June 18, 2011 | 4:11 pm
Posted by Rabbi Dan Moskovitz
This Shabbat marks my first full week back in my congregation since the end of my three month sabbatical. I am grateful for the time that I had to study, reflect, rest and rejuvenate. I took the three months to travel around the country visiting other congregations and communities, meeting with clergy, lay people and professional staff. I observed some of the most innovative and forward thinking congregations not only in the Jewish community but amongst Mormon and Evangelical Christian congregations as well. For those interested the lessons and observations from my sabbatical studies can be found at www.rabbidanmoskovitz.com (I may repost some of them here at a later date as I begin to formulate meta observations and suggestions).
As I return to the day to day life of serving my congregation I am struggling against the muscle memory of not wanting to just do things the way I have done them for the past 12 years in the rabbinate. The text that keeps coming to mind is from Pirkei Avot Chapter 2, “Rabbi Shimon says: c’she’atah mitpalel, al ta’as tefilat’cha keva – Rabbi Shimon says, when you pray, don’t make your prayer keva, fixed (routine). The alternative being Kavanah to perform your actions with a purposeful, considered intention. I have tried throughout my spiritual life to be guided by this principle, and find it even more important now after sabbatical.
It is so easy for each of us (not just rabbis and not just with prayer) to slip in to the comfort zone of ‘that’s how I have always done it’. The challenge of course is to continue to learn, grow and reinvent ourselves. We are encouraged to do this by our tradition because to just rely on our old tired but true ways is to deny that thing makes us uniquely human and not machines. A machine can perform the same repetitive task time and again, never tire, and never make a mistake. In fact if you ask a machine to do something that is is not constructed or trained to do, that is often when the machine breaks down. With people it is of course just the opposite - we are most alive when we push ourselves to try and do the unfamiliar.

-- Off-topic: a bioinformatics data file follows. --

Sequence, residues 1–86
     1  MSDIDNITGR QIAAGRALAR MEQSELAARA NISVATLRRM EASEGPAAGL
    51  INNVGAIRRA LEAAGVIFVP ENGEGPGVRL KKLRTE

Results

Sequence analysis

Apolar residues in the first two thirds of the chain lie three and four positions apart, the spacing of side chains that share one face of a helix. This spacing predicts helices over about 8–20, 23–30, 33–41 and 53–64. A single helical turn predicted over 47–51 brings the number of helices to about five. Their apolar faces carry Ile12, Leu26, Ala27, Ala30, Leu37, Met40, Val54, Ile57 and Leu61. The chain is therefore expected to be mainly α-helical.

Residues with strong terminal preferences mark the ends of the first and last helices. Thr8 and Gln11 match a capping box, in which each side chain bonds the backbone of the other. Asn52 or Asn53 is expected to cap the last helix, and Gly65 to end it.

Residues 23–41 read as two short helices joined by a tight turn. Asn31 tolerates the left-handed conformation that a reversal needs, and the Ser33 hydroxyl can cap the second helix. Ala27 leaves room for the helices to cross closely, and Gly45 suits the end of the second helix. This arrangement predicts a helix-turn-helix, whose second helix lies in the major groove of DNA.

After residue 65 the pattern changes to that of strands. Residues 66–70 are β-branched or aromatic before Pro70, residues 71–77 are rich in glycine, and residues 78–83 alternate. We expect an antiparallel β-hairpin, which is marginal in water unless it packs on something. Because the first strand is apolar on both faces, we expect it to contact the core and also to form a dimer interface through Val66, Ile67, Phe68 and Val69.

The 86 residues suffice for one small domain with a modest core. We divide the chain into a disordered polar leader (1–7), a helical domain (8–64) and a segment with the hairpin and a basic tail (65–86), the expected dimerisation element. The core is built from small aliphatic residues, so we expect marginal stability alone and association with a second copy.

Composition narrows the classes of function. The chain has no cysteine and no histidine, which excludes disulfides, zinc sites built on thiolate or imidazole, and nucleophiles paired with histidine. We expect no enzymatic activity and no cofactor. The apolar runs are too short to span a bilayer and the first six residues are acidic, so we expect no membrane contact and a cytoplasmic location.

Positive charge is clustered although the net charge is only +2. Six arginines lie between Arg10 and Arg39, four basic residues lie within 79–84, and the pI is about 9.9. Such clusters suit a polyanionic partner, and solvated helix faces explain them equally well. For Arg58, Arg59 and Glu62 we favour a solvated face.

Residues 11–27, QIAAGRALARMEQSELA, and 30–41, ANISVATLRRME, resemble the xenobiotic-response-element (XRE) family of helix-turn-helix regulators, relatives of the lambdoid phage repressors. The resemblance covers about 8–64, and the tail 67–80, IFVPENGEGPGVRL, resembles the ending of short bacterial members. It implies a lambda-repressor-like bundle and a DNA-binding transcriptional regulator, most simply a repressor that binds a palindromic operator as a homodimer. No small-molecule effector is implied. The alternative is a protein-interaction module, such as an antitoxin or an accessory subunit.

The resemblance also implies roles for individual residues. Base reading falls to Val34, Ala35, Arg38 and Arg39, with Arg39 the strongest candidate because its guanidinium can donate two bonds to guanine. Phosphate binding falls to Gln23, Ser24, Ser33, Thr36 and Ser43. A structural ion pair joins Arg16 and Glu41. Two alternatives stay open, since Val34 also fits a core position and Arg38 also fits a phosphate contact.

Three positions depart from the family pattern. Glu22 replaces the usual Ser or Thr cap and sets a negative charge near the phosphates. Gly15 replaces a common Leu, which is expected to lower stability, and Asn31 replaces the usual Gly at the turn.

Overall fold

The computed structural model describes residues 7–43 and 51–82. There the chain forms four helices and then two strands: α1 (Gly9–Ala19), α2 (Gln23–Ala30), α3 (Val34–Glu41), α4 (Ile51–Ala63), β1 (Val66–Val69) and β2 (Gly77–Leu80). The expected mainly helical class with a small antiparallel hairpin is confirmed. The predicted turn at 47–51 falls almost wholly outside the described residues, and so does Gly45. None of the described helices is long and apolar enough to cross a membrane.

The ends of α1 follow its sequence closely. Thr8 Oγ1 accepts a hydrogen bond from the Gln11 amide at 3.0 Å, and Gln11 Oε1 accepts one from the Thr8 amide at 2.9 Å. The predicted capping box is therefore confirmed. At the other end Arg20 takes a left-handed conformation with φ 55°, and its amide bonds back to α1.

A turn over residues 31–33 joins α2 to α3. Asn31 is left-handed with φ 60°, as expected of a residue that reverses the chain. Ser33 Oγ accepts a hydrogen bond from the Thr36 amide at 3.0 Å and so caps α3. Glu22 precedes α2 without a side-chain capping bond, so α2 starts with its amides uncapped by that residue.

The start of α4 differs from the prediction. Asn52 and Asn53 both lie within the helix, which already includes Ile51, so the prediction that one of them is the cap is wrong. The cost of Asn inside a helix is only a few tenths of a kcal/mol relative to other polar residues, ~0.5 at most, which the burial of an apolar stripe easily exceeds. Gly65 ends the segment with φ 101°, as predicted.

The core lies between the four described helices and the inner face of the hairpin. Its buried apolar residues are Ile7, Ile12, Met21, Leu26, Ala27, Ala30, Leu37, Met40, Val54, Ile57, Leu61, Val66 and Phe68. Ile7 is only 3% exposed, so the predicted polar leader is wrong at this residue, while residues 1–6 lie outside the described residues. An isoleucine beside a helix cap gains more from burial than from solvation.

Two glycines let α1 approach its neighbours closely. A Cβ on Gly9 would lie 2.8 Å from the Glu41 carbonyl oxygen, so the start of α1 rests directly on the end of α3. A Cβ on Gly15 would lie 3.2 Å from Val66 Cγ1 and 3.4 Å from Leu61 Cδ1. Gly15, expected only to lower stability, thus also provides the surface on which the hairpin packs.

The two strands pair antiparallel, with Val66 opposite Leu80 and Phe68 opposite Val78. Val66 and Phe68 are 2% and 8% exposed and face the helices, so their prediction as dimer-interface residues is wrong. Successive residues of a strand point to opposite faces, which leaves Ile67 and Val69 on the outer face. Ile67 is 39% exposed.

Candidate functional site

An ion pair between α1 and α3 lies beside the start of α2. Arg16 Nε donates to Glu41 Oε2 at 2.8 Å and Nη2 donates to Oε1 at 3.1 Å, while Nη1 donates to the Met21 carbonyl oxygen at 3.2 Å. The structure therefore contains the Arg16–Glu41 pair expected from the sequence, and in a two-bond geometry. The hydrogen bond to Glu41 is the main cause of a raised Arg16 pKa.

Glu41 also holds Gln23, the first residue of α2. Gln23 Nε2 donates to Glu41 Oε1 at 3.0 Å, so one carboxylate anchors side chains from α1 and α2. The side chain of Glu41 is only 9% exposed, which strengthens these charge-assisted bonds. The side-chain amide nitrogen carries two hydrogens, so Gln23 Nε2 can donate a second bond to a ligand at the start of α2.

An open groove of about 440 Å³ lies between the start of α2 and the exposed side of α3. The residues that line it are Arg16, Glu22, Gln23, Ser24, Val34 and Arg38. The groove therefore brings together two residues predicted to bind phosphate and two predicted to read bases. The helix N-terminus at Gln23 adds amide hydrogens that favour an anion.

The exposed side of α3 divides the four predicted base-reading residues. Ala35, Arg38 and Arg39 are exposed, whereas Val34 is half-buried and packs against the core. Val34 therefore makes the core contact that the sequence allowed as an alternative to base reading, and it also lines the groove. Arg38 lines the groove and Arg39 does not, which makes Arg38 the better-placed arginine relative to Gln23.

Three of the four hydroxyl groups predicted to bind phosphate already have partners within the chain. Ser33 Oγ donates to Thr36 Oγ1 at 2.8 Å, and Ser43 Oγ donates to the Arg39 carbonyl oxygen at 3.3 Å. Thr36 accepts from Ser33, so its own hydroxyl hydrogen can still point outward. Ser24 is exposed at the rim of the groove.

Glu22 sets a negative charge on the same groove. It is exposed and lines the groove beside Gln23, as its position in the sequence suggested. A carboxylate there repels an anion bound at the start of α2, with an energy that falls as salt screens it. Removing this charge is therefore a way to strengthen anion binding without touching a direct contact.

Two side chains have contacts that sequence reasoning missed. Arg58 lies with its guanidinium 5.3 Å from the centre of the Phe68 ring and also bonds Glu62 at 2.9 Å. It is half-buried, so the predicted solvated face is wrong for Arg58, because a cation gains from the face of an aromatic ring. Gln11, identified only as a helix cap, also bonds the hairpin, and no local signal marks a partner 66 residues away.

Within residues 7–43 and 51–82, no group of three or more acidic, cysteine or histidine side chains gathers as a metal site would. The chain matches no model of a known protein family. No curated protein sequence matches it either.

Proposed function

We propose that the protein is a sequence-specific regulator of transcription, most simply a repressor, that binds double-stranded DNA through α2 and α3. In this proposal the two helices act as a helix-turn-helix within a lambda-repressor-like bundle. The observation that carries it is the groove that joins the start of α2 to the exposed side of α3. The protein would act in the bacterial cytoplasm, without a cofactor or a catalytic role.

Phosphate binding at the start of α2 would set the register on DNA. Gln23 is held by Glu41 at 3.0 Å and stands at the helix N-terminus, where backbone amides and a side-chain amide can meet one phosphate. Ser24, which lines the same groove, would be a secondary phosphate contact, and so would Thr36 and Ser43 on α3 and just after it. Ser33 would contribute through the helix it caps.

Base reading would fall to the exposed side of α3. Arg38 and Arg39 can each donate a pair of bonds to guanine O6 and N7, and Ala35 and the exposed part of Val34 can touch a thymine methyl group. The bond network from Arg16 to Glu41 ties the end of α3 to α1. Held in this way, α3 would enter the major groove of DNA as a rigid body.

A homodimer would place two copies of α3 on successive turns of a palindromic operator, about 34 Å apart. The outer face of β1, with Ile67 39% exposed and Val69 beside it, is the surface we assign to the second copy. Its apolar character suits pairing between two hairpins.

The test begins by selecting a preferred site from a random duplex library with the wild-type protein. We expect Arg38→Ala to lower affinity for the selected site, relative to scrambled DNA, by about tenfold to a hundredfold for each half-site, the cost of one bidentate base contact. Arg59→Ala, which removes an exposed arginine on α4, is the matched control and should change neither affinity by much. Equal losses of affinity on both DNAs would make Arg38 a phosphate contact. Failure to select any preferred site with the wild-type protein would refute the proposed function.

In my brief week back at the congregation I have tried to make a conscious effort to do things differently and it has been both fun and a bit unsettling. Its fun because I am trying out some of the new insights and techniques I discovered during my studies. My conversations with b’nai mitzvah students are different, the format of my weekly Torah study is evolving, I’m trying some new things in worship, and trying very hard to use the phone and technology in a way that I don’t feel enslaved to it. I’m even using some new jokes on the bimah - you must know its not easy for a rabbi to give up a tried and true good one liner. Its only been seven days, but so far the intentionality of trying to be unpredictable to myself has been invigorating.
So lesson one, on my first week back is don’t go back to how it was, even if the old ways were pretty good. Honor the change, the growth we experience as human beings when we make a routine out of not doing things routinely.
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